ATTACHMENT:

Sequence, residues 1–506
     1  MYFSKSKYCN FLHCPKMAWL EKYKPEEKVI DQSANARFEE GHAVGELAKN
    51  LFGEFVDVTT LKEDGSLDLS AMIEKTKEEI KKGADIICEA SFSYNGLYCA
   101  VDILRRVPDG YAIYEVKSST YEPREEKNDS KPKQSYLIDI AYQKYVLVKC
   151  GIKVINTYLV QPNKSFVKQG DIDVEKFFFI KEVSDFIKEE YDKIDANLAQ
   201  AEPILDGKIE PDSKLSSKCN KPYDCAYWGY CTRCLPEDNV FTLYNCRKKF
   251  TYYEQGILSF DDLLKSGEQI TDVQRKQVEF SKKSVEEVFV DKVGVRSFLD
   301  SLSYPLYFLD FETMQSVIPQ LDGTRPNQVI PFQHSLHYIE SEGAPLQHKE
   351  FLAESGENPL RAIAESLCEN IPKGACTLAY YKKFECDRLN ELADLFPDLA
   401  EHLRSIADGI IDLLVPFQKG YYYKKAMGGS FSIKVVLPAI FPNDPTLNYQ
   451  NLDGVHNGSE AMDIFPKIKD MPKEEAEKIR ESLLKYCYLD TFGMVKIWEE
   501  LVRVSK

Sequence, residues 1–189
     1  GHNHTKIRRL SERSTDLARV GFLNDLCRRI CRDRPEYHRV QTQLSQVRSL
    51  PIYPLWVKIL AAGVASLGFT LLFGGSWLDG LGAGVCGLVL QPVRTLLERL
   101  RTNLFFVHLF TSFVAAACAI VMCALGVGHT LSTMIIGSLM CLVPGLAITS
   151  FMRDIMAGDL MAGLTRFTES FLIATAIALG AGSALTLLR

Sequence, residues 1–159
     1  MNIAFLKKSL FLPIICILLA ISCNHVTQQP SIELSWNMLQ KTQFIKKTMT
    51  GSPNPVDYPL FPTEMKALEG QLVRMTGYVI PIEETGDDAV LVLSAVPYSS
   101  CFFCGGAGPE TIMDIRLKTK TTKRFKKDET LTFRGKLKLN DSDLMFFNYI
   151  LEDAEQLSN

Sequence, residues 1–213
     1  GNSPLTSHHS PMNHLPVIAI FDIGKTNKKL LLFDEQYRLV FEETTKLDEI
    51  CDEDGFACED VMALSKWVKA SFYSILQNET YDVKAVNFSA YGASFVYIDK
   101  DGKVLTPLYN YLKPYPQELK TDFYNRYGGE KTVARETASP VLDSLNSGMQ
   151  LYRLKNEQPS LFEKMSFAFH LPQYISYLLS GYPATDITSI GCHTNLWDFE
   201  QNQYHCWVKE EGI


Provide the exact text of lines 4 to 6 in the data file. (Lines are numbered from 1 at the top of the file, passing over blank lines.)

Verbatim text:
   101  VDILRRVPDG YAIYEVKSST YEPREEKNDS KPKQSYLIDI AYQKYVLVKC
   151  GIKVINTYLV QPNKSFVKQG DIDVEKFFFI KEVSDFIKEE YDKIDANLAQ
   201  AEPILDGKIE PDSKLSSKCN KPYDCAYWGY CTRCLPEDNV FTLYNCRKKF